I’ve since converted all of my fabulously patented ventilation rims into moisture quilts. See the updates at the end for more details. And of course I’m joking about the trademark… and the patent. A fun update: It’s 2021 and I’m still using the same rim, the act one shown in this post, though I don’t use moisture quilts as much as I used to.
I made some improvements to the design of my ventilation rim (also known as a ventilation eke; also known as a vent box; also known as a whole bunch of other things because beekeepers are the worst for settling on a single name for one thing). It’s still cheap and easy to make and should do a fine job at improving the ventilation of any Langstroth-type hive. First, I cut four pieces of wood for the front, back and sides of the rim. Here’s a shot of the side pieces:
Here’s a shot of the front and back pieces:
All the measurements are written on the wood — in both Metric and Imperial. The red line on the wood indicates how far a typical telescoping top cover will hang down over the rim. The ventilation holes are subsequently drilled below that line so the telescoping cover doesn’t block the holes. I happen to have a 1.5-inch drill bit, but 2-inch-wide holes would probably work too; even 1-inch-wide holes.
Notice that the holes are drilled at an angle to minimize the chances of sideways rain from getting in. Here’s a straight on close up of one of the holes that sort of illustrates the angle of the hole (the hole from the outside is angled up so rain is less likely to drip down into the hive; at least that was my thinking when I nearly tore a finger off while trying to drill into the wood at an angle):
(I’d say that holes drilled straight in are fine for the carpentry ill-inclined. I have several prototype rims with holes drilled straight in and it’s not the end of the world.)
I stapled on some screen or mesh behind each hole. I don’t know the size of the holes in the screen. I assume it doesn’t matter as long as wind can blow through and predatory insects like wasps can’t get in.
So I took those pieces of wood and stuck them together with 2-inch-long brass screws, pre-drilling the holes first with a thin drill bit. I probably could have used a hammer and nails instead if I knew how to swing a hammer without hitting my thumb. Note that the front and back pieces go between the side pieces.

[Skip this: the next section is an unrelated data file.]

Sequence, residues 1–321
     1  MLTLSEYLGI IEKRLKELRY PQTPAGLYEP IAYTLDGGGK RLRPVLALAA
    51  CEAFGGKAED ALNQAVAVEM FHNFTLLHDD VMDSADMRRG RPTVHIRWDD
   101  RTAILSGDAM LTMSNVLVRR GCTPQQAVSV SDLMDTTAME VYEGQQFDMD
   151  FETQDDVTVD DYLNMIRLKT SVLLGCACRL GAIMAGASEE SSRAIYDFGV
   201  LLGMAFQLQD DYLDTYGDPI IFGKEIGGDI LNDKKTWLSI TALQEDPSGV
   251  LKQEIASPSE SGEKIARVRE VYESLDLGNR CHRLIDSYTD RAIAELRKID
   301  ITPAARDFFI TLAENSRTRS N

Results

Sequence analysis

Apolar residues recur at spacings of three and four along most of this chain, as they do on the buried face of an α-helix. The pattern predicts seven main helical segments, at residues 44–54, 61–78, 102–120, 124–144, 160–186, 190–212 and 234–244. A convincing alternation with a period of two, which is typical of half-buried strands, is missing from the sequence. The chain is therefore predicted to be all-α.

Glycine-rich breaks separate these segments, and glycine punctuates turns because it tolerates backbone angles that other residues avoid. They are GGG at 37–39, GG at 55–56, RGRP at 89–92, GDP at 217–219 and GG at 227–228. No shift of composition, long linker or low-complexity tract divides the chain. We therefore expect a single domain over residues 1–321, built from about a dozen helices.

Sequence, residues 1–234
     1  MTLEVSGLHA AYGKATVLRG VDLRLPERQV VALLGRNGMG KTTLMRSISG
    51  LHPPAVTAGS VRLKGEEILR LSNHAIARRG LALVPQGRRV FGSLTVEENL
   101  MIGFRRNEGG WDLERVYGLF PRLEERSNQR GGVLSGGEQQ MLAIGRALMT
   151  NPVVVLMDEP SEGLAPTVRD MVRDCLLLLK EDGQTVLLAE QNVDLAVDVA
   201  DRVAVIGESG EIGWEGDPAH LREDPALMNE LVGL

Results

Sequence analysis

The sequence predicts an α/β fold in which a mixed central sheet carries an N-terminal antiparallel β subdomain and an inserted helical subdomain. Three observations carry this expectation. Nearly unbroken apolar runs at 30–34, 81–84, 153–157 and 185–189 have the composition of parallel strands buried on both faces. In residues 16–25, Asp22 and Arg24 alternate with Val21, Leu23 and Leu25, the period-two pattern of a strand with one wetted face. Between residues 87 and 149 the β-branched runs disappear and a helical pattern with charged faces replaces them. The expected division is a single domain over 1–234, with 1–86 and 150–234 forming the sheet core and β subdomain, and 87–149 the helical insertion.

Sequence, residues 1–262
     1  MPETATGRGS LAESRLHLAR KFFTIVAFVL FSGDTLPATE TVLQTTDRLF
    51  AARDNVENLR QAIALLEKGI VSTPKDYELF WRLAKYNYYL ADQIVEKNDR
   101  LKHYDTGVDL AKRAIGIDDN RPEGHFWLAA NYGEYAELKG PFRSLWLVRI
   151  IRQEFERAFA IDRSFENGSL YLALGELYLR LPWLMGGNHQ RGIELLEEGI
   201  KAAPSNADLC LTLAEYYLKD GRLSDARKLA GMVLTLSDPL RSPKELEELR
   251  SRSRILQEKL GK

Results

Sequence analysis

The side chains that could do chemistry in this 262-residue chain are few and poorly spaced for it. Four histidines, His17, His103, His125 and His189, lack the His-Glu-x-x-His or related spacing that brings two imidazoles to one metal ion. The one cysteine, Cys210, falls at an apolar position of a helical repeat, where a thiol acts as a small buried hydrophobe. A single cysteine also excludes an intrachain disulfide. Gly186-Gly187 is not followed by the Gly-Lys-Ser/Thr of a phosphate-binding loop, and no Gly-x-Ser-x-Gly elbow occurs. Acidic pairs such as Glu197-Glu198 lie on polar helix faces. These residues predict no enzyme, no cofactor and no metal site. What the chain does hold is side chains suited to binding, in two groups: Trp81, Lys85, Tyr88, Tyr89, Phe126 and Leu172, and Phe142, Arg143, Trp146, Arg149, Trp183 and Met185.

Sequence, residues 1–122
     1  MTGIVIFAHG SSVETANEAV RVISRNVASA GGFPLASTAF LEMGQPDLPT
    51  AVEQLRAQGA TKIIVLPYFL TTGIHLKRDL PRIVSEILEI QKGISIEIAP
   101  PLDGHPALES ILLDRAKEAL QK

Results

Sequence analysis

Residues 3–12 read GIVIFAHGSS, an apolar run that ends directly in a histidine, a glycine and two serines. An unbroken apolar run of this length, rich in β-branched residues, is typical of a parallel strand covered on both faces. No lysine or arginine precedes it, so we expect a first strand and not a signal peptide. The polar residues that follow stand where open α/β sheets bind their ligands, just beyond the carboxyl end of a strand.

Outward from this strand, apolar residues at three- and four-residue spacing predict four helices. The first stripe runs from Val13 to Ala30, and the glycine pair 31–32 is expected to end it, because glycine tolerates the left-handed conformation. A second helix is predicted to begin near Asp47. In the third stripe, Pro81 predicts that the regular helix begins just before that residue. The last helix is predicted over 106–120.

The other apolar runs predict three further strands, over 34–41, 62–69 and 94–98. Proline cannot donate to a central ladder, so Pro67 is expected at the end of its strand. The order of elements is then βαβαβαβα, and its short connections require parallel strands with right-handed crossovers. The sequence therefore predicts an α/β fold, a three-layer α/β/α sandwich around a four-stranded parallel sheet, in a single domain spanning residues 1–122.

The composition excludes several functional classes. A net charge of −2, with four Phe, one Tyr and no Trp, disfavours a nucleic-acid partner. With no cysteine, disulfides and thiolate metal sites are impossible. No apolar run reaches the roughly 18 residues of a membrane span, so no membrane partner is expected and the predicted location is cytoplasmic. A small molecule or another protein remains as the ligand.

Also note that the front of the rim doesn’t have any holes drilled in it.
That’s because sometimes bees returning will try entering through any hole they can find, especially if the hole is near the top entrance. But when the hole has a screen on the other side, they can’t always figure out what to do and they just sit there trying to get in until they die. At the very least, it’s a waste of time for the bees when they get confused by a hole that doesn’t lead into the hive. That’s why I don’t drill holes in the front. (I suppose stapling screen to the outside of the rims would prevent the bees from even trying to go through any of the holes, but that probably wouldn’t have the slick professional look that we’re going for here because, you know, I’m such a professional.)
I don’t remember the cost of the lumber, but it wasn’t much, maybe $10 tops. The brass screws were cheap, too, because I bought them from a wholesaler. I didn’t use any fancy tools to make the rim. A hand-held jig saw, a power drill (which can double as a power screwdriver for anyone on a budget), and a cheap power screwdriver. I didn’t use carpenter’s glue, though I probably should have. Then there’s the screen which cost about $5 for a 20-foot roll, something like that.
I used a deep super to figure out the dimensions. I used the deep as a workbench, too, for the drilling and the sawing. I didn’t use a T-square or anything like that to ensure right-angles. It might be a little rough around the edges, but as far as I can tell, the rim works.
One aspect of the design I was careful about was making sure it was flat on the bottom. If one side happened to be even a fraction of an inch higher than the other sides (in the Metric System I’m talking about a millimetre) it could leave enough space for rain to seep in. I can’t think of anything else to say about it. Hopefully I’m not overlooking some glaring flaw in the design. Here’s the rim ventilating away on one of my nucs.